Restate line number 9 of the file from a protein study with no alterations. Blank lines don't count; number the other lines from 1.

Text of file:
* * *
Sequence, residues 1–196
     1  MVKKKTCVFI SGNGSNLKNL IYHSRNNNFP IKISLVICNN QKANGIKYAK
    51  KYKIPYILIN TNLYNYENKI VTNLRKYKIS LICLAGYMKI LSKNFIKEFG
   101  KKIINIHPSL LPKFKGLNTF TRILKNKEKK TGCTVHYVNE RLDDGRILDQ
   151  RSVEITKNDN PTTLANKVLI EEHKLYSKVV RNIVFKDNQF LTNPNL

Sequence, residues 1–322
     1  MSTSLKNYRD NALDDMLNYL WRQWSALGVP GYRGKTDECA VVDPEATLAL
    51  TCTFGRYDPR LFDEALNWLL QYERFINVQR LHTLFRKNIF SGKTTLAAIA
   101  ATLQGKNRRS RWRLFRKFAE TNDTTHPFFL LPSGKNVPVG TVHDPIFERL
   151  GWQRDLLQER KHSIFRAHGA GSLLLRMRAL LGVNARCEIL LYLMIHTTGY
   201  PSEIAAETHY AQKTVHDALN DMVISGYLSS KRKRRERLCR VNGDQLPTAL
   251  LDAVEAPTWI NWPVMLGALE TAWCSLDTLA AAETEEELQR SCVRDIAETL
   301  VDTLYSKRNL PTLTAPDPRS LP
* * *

   101  ATLQGKNRRS RWRLFRKFAE TNDTTHPFFL LPSGKNVPVG TVHDPIFERL